5. A Buyer thinking he is getting a bargain by not using an Escrow to purchase a business. Escrow is necessary to insure that there is a proper contract between the parties, search for liens and encumbrances against the business, insure proper transfer of licenses and Franchise Agreements, publish Bulk Sale Notice to protect you from any claims of unsecured debts and handle disbursement of monies.
From: Hank Miller, Business Broker – Southern California
. . . . . .
1. Buyer not being truthful to the broker and/or seller – which is related to some of the other reasons
2. Buyer exaggerating their financial resources
3. Buyer not understanding the difficulty in getting a loan to purchase the business (Of all of the many buyers who have told us that their father or brother or whomever would loan them the money to purchase a business, I can count on one hand how many have actually received such loans and still have several fingers left over.).
4. Buyer being concerned about the seller’s employees leaving after the sale. This almost never happens – especially in this economy. As long as the buyer does not do anything stupid like cutting pay or benefits, the employees are just thankful to have their job.
5. Buyer taking in a partner as the vast majority of partnerships do not last.
6. Buyer taking actions that irritate the seller like missing appointments or saying rude things to the seller – a sale seldom happens if the seller does not like and trust the buyer
7. Buyer not employing professionals to help in their due diligence efforts so that they get the information that they need to make a knowledgeable, low-risk, final decision.
8. Buyer allowing an accountant or attorney to kill a good deal. Buyers are the ones who will miss out on a good source of income and building equity in a business for their family – not the accountant or attorney.
9. Buyer attempting to circumvent the broker. This signals to the ethical seller that the buyer is not ethical and cannot be trusted.
10. Buyer walking away rather than making an offer for what they think the business is worth, even if it is a lot less than the asking price. We have sold several businesses for less than 50% of the asking price because of the seller getting desperate/super motivated. The buyer does not know the seller’s hidden agenda such as a life threatening health situation, pending divorce, partnership dispute, burn-out, outstanding job opportunity, etc. A related reason follows.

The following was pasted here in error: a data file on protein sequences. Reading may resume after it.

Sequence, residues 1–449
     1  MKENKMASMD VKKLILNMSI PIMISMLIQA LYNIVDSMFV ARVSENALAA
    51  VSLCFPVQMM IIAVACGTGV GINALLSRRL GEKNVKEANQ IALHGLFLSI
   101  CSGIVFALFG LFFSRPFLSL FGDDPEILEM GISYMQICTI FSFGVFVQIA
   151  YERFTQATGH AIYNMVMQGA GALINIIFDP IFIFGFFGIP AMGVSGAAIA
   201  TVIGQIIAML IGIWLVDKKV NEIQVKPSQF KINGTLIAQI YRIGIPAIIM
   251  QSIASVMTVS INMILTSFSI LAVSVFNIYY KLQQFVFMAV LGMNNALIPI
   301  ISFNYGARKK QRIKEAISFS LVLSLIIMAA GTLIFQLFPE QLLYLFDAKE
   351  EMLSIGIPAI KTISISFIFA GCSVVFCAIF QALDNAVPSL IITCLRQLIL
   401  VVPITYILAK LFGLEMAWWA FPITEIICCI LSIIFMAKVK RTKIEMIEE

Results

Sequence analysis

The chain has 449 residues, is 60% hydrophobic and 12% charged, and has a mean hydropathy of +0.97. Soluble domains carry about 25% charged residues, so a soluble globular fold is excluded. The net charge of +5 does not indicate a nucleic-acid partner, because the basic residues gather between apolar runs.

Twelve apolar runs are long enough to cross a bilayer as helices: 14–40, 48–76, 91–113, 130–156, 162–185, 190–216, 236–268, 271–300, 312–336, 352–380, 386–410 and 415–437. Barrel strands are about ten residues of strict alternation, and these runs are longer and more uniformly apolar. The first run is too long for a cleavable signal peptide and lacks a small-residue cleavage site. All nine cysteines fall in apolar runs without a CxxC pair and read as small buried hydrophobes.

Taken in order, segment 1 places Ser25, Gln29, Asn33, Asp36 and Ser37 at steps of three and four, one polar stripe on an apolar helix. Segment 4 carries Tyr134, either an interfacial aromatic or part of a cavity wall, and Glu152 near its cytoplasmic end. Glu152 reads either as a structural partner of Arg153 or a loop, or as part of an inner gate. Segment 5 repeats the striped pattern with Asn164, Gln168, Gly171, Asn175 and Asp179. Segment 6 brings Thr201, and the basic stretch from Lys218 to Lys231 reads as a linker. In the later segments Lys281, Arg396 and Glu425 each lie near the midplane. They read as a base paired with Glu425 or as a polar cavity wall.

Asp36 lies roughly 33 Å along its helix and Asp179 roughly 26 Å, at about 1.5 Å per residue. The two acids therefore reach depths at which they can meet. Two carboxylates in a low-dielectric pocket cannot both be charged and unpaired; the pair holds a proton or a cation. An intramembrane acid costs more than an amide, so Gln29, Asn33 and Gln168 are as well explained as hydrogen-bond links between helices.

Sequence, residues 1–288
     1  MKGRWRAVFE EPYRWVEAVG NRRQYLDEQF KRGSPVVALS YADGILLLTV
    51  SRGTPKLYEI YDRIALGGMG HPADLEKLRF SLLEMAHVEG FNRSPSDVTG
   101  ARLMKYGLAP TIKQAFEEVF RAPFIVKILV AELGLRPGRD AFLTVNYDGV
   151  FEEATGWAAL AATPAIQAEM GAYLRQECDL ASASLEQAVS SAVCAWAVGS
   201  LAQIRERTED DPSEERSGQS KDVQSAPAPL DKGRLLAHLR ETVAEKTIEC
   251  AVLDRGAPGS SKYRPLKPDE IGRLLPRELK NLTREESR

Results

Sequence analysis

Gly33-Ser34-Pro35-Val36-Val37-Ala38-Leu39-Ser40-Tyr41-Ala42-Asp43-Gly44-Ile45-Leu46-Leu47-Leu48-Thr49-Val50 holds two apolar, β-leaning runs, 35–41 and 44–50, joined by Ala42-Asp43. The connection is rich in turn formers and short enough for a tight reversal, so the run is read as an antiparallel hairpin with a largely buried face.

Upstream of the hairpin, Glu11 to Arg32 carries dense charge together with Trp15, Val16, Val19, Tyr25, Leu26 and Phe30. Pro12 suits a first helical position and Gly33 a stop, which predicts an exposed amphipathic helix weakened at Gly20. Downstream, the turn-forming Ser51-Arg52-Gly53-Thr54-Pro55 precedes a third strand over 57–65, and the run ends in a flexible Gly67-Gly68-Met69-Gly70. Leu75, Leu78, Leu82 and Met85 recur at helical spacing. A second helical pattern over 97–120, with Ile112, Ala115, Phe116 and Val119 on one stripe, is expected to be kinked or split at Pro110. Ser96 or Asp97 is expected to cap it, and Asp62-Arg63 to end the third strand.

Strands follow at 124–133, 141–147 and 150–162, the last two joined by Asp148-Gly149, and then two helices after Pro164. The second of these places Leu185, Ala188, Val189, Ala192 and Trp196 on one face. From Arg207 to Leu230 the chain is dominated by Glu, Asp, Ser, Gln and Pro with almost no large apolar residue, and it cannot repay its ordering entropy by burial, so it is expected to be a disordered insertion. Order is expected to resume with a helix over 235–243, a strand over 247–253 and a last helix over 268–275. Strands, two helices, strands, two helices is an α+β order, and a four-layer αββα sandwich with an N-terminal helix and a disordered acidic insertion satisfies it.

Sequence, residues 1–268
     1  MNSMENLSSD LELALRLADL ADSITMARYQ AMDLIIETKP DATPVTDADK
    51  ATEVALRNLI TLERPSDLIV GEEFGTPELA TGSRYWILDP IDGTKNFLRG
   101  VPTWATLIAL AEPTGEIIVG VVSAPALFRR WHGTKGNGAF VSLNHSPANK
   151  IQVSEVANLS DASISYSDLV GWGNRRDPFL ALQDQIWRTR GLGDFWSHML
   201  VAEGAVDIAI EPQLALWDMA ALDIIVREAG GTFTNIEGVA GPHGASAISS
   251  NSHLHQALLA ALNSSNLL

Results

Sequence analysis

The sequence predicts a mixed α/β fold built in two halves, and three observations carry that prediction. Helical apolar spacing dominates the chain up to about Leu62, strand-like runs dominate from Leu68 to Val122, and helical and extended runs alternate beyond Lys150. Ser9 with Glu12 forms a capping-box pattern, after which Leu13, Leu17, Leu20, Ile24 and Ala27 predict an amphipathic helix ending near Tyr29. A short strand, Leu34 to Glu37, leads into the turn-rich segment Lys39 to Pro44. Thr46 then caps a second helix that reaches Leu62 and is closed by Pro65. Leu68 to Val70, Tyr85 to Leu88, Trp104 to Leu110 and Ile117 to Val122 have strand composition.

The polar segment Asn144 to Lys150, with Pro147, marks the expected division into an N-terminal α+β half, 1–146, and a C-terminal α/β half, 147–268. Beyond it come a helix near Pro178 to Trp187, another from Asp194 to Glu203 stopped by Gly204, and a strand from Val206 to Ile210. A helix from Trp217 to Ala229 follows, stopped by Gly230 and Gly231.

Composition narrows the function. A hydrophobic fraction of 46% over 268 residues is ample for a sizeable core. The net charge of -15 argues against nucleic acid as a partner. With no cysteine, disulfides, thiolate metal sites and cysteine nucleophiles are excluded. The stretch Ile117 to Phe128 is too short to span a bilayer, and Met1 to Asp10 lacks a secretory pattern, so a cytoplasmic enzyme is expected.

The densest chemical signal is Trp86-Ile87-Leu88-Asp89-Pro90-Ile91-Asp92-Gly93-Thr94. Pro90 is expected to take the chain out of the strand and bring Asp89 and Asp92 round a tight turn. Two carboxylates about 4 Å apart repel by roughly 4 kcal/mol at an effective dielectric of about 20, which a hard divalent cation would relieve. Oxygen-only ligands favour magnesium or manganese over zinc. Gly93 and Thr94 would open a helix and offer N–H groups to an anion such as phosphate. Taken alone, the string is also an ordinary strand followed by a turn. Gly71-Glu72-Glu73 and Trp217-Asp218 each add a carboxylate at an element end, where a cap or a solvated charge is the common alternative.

11. Buyer not being creative in their offer regarding seller financing, deferred payments, buying the seller’s receivables, etc. to help them with the working capital needs of the business.
12. Buyer not taking the landlord’s role seriously. Landlord’s do not have to accept the buyer as a tenant, lower the rent or give additional options, etc. If the buyer is rude or arrogant with the landlord – guess who loses?
13. Buyer trying to change their offer price and terms after getting into escrow without a valid basis for doing so.
14. Buyer not adequately understanding the working capital and capital expenditure requirements, and the cyclicality of the business.
15. Buyer dragging the purchase process out by not completing their escrow requirements on a timely basis. The passage of time works against the transaction closing.
From: D. Joe Atchison, Business Broker – Riverside County Area
. . . . . .
The biggest mistake made by buyers is not seeking professional representation and guidance before closing the purchase transaction. Without an experienced broker or attorney on their side, a buyer is prone to making numerous mistakes, some of which can jeopardize the viability of the business.
Even in those transactions that involved a business escrow and SBA financing, I have seen disputes and even litigation between buyers and sellers result from the buyer and seller leaving significant terms “to be determined” after closing, or failing to address significant legal issues prior to closing. For example, buyers and sellers often agree that the seller will providing consulting services to the buyer after closing, but some buyers and sellers close escrow before agreeing to the details of such an arrangement.
Once the seller has pocketed the sales proceeds, he has little reason to negotiate such an arrangement on terms favorable to the buyer. With respect to legal issues, buyers also occasionally fail to obtain an assignment of all of the seller’s rights under important contracts, including leases, prior to closing. Landlords, vendors, or customers operating under contracts with the seller may, under some circumstances, refuse to do business with the buyer, and this can be fatal to a business.
From: Joe Sandbank, Attorney Services For Buyers, Sellers, Agents & Brokers